So, each blacklisted tag should have some custom text explaining what tags to use instead. This custom text should probably be part of the discussion of whether a tag should be blacklisted or not, to make it easier on the CMs (who have to implement the blacklists).

Do note that blacklisting tags is not very common and requires a good amount of consensus of both the community and the CMs.

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I think this is a very extreme step that should only be taken if we have a tag that is causing us serious issues. What is the worst thing that a "bad" tag that was created in good faith can do to the site? I am a compulsive "tidy-upper", so I can understand why we would want to stomp out the less useful tags once and for all, but the community might change their opinion over time as to what tags they really want to have around.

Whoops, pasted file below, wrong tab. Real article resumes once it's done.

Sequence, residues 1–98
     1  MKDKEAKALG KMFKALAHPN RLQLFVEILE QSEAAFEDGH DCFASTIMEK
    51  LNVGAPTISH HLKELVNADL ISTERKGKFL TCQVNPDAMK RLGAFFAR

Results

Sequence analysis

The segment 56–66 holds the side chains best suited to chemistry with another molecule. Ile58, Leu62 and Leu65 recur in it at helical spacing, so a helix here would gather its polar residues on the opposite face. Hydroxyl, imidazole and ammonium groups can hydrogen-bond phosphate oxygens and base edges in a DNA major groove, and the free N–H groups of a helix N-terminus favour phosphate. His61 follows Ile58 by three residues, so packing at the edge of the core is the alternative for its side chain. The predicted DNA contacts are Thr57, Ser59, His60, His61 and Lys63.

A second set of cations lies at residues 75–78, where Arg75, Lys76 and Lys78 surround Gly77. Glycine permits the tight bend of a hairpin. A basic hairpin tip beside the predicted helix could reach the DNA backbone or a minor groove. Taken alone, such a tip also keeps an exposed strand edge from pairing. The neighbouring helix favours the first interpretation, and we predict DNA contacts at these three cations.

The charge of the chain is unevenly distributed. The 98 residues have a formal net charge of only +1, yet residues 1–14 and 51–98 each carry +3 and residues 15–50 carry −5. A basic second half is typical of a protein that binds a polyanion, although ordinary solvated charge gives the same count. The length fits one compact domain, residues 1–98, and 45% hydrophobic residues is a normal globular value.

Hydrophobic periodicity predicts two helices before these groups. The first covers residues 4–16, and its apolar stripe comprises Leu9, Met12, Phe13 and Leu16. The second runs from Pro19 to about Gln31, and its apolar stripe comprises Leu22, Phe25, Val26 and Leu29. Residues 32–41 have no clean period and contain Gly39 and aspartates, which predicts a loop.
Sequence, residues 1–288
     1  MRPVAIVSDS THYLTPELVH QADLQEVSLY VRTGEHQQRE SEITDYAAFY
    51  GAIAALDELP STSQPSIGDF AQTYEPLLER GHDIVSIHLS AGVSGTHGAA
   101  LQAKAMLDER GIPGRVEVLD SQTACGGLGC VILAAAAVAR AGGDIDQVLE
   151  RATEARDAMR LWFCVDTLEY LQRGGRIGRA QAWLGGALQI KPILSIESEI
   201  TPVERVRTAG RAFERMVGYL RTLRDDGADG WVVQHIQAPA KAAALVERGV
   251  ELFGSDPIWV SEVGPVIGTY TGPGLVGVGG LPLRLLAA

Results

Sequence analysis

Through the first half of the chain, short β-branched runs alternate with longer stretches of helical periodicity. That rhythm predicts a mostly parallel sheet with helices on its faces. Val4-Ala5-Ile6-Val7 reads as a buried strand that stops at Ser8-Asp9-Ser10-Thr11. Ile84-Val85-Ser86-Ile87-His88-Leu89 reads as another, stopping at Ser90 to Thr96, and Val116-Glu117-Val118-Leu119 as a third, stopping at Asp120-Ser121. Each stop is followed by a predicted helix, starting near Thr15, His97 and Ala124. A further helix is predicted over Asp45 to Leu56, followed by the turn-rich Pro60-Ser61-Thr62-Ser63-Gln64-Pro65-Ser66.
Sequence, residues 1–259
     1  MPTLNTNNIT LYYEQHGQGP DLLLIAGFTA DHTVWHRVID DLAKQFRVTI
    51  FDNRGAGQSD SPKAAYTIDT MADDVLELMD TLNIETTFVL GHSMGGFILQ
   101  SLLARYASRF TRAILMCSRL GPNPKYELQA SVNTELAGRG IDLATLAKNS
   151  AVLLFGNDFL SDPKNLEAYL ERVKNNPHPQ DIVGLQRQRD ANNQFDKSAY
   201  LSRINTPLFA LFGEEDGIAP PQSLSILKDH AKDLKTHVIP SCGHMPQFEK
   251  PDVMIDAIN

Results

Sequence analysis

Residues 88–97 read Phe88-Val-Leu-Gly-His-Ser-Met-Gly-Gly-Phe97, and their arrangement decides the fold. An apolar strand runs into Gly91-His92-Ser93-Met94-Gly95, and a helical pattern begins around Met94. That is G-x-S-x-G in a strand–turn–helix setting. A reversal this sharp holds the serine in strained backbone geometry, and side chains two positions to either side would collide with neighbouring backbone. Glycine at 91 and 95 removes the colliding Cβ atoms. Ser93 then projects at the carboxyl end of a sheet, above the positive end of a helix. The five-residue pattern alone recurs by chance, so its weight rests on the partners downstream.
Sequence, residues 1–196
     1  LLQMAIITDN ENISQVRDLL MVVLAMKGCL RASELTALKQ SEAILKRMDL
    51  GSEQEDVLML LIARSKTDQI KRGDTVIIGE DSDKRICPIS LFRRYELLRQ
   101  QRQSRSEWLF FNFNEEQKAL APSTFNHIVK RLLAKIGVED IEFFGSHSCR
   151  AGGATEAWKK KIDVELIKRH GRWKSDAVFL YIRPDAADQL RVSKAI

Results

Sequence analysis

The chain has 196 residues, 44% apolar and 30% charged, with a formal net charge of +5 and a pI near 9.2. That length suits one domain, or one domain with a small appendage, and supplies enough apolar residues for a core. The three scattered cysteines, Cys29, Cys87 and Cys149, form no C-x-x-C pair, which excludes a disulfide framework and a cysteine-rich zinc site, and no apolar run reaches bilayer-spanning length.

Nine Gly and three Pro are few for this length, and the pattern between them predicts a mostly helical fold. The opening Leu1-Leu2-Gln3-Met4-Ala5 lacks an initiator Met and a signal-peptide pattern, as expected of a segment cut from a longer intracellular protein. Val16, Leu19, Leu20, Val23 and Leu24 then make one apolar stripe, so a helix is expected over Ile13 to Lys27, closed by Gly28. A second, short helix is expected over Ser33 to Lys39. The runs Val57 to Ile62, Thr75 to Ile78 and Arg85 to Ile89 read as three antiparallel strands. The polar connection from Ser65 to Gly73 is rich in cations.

Some other ways to work around this without blacklisting tags might be to create the tag with good usage guidance that suggests alternative tags and/or notes that just because you CAN put 5 tags on a question doesn't mean you HAVE to use 5 tags.

We could have an "adopt-a-tag" volunteer effort similar to "adopt-a-highway" programs in North America. A volunteer subscribes to the RSS feed for a problematic tag and spends some time re-tagging questions as they pop up. It doesn't have to be one person per tag. When I participated in adopt-a-highway I was on a team that got together regularly to go clean up our section of the road and we'd make a social event out of it.